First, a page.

Tag Archive: stress

I’ve fallen into the cycle again– somehow despite my (34!) New Year’s Resolutions to have more fun, do more yoga, be nicer to myself, and all those other things, I’ve ended up embracing my old habits only two weeks into the year. I think there are two extremes when it comes to resolution making: those of us who swear to do more and fall short, and those of us who swear to do less and fall into the pit of overachievement again.

New Year’s is a dangerous time for those of us who measure our self worth by external means (who we are to others and what we accomplish that’s tangible). In satisfied with being, we seek to define our value by doing as much as we can–and ignoring the signs that more is not in fact more.

It did not take many days of sleeping less and attempting to juggle five jobs for me to reach hysterical levels of exhaustion. I wish I could tell you I stopped what I was doing and played with my dog, or took a bubble bath, or read my favorite book. I did none of those things. I cried, and yelled, and I went to work anyway.

My biggest struggle this year will not be creating new habits or crossing goals off of my list. It will be treating myself as a priority and making sanity-boosting activities a non-negotiable. From here on out, that’s what I’d like to track and reward myself for: the things that I do for myself that no one else would do, that won’t be recognized, and that have no tangible bottom line benefit.

Are you too nice or too hard on yourself? What’s your intangible bottom line benefit this year?


Photo courtesy of DiscoveryHealth.com.

In a world that now has a pill for just about everything that you can think of, we pay surprisingly little attention to the effects of stress on the body. An overwhelming number of Americans suffer from anxiety and stress-related disorders, the presence of which being a contributing factor to the increasing rates of heart disease as well.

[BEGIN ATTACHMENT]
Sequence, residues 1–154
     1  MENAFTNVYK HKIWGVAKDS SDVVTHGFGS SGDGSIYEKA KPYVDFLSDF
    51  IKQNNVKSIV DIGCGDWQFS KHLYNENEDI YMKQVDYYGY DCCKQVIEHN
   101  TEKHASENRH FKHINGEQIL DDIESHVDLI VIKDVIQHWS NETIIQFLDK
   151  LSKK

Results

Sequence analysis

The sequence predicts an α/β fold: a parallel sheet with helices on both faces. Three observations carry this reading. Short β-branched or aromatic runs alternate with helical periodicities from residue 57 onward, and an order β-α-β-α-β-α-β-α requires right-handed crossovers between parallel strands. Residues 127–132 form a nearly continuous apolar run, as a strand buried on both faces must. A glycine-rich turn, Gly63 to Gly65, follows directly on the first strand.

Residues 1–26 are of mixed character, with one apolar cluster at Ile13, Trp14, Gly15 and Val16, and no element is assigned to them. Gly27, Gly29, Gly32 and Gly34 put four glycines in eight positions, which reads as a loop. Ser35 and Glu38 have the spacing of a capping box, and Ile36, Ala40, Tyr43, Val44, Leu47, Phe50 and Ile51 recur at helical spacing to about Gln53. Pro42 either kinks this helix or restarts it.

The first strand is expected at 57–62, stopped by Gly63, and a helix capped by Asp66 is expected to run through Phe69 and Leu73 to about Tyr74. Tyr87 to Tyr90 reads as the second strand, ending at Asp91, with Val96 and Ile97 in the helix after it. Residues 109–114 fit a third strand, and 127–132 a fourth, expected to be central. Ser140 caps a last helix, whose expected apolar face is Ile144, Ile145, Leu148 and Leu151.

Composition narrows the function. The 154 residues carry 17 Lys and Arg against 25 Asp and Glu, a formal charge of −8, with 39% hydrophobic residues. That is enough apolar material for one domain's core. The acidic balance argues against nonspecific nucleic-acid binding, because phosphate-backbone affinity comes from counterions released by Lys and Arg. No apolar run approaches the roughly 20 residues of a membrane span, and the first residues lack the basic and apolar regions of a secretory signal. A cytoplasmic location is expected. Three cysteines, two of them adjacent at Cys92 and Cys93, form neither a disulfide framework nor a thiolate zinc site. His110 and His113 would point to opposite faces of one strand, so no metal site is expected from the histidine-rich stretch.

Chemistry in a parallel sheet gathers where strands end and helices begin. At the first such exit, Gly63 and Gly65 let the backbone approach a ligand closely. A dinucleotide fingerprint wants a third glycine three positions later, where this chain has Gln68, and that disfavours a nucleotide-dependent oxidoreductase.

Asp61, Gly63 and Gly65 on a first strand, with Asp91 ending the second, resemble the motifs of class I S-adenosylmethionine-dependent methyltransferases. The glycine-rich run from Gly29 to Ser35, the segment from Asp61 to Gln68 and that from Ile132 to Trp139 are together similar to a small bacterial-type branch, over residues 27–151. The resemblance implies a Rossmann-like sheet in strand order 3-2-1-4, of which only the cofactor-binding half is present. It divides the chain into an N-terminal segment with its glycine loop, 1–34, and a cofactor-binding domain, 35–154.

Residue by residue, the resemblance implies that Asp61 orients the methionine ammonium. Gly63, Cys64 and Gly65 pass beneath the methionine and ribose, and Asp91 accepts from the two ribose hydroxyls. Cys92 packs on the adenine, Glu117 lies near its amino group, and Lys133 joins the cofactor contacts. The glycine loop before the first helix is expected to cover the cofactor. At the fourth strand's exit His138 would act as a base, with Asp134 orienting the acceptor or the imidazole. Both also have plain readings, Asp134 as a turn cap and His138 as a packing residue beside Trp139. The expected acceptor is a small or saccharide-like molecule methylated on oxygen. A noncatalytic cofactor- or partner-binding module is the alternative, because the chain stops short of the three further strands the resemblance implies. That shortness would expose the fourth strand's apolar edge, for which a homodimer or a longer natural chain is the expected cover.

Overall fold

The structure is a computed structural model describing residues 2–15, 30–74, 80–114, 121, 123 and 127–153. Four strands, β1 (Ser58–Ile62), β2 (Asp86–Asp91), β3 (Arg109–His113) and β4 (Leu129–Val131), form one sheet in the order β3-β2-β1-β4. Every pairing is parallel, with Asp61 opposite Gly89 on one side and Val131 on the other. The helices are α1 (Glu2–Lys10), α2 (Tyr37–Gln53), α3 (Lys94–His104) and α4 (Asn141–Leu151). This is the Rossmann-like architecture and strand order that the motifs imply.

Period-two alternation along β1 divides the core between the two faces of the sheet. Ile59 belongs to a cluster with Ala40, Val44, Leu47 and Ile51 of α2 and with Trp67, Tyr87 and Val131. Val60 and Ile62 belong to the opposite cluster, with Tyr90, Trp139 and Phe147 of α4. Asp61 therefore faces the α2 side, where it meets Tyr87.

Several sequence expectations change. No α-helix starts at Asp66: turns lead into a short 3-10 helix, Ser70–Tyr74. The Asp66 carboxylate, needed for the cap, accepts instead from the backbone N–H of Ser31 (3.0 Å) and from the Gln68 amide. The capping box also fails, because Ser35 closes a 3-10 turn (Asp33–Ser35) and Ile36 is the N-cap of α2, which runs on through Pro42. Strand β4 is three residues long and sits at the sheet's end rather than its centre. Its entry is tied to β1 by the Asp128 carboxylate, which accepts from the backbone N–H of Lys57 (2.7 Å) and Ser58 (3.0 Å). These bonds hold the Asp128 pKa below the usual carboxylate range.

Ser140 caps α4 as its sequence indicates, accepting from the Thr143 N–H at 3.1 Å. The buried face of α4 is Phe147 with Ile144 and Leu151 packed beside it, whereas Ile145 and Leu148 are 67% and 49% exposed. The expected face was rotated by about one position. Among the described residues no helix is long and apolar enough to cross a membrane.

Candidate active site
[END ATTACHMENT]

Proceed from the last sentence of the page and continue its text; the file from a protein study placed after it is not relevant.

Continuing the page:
Of course, there is a multi-billion dollar market out there when it comes to helping people feel a little more at ease, whether it comes in the form of pills, alcohol, narcotics, massage, acupuncture, yoga, day spas, television or sex. Hell, the country is more than a few steps along the road to the complete nationwide legalization of marijuana, a drug that is prized for its ability to put people at ease.

The most valuable thing to do, however, is to look at your lifestyle, especially when it comes down to anxiety. Chances are, you’re guilty of one of these these sneaky stressors:

1. Comparing yourself to others.
2. Mismanaging your resources (money, time, relationships).
3. Not exercising (I know, but who has time?)

I limit this list to three because if you’re anything like me, you love to compare yourself to a list and find ways to pick your life apart. Stop it. Stop it now. These three things are the greatest source of unhappiness in life.

You are you and the sooner you stop hoping that you’ll wake up and be someone else, the happier you’ll be. Yes, you’re fucked up and lazy and have ass pimples. Someone will do you anyway.

While everything great in life comes from expanding yourself beyond your comfort zone, much of unhappiness comes from that as well. If your experiences are for the sake of looking good or avoiding looking bad, you will be extremely stressed and extremely unhappy.

And maintaining your physical well-being is crucial to your happiness. Self-improvement (not only physical) is a reminder that you believe in your potential enough to invest in it and make yourself a priority. The saying goes, “if Mama’s not happy, no one’s happy.” You can’t bless others with what you don’t have yourself.

Do one of these things make sense in your life? If not, what is the greatest stressor in your life, and how do you want to alleviate it?